Genes & Cancer

CDK4: a master regulator of the cell cycle and its role in cancer

Stacey J. Baker1, Poulikos I. Poulikakos1,2, Hanna Y. Irie1,3, Samir Parekh2,3, E. Premkumar Reddy1,4

1 Department of Oncological Sciences, Icahn School of Medicine at Mount Sinai, Levy Place, NY 10029, USA

2 Tisch Cancer Institute, Icahn School of Medicine at Mount Sinai, Levy Place, NY 10029, USA

3 Department of Hematology and Medical Oncology, Icahn School of Medicine at Mount Sinai, Levy Place, NY 10029, USA

4 Department of Pharmacological Sciences, Icahn School of Medicine at Mount Sinai, Levy Place, NY 10029, USA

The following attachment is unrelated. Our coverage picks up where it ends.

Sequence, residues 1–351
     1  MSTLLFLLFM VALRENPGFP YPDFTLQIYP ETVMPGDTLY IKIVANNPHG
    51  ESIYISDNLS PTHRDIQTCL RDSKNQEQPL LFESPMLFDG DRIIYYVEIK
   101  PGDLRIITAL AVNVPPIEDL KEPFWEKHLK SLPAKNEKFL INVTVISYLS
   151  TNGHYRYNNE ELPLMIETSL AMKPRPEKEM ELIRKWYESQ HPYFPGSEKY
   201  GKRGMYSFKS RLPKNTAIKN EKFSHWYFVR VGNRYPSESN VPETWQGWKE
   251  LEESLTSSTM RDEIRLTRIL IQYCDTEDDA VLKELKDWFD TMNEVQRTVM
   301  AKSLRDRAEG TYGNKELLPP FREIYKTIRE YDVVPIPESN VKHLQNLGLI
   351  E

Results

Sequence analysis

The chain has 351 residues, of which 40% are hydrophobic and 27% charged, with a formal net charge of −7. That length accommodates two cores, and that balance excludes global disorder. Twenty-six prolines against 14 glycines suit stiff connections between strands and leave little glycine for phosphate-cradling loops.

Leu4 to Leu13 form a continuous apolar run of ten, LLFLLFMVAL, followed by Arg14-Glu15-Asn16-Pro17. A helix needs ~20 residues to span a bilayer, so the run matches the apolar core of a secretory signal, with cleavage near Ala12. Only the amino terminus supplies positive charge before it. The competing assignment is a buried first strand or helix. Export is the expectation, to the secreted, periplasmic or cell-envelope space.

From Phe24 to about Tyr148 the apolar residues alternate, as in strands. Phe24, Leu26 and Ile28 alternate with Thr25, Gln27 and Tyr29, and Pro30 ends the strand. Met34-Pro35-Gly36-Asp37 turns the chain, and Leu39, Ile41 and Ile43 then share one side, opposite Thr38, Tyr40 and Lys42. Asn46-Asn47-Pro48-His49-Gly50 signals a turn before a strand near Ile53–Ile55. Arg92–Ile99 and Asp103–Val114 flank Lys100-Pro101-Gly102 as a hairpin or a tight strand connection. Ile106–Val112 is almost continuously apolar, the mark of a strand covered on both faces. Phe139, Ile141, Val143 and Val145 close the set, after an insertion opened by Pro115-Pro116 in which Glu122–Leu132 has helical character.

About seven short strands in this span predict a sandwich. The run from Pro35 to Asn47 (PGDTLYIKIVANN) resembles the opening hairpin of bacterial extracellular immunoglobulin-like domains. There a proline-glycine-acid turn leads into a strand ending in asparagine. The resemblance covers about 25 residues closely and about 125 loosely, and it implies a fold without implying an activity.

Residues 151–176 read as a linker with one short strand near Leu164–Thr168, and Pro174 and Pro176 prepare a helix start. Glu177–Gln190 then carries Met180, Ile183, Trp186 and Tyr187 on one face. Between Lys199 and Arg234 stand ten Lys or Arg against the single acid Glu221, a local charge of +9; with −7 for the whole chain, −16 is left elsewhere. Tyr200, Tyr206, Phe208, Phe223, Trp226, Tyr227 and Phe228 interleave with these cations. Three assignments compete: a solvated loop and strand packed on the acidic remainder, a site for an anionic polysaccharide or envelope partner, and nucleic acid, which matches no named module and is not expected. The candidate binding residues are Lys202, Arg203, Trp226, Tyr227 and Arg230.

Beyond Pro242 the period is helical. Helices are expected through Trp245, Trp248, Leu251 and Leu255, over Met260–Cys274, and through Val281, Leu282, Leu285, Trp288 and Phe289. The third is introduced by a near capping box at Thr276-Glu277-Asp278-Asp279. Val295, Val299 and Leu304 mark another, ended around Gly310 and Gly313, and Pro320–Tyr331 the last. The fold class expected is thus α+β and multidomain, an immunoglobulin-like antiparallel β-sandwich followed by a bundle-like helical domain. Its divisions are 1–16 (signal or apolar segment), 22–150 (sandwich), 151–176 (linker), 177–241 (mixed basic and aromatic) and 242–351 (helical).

Correspondence:

E. Premkumar Reddy, email:ep.reddy@mssm.edu

Keywords: CDK4/6; cancer; cell cycle; targeted therapy; checkpoint inhibitor

Received: March 10, 2022 Accepted: August 17, 2022 Published: August 25, 2022

Abstract

The cell cycle is regulated in part by cyclins and their associated serine/threonine cyclin-dependent kinases, or CDKs. CDK4, in conjunction with the D-type cyclins, mediates progression through the G1 phase when the cell prepares to initiate DNA synthesis. Although Cdk4-null mutant mice are viable and cell proliferation is not significantly affected in vitro due to compensatory roles played by other CDKs, this gene plays a key role in mammalian development and cancer. This review discusses the role that CDK4 plays in cell cycle control, normal development and tumorigenesis as well as the current status and utility of approved small molecule CDK4/6 inhibitors that are currently being used as cancer therapeutics.


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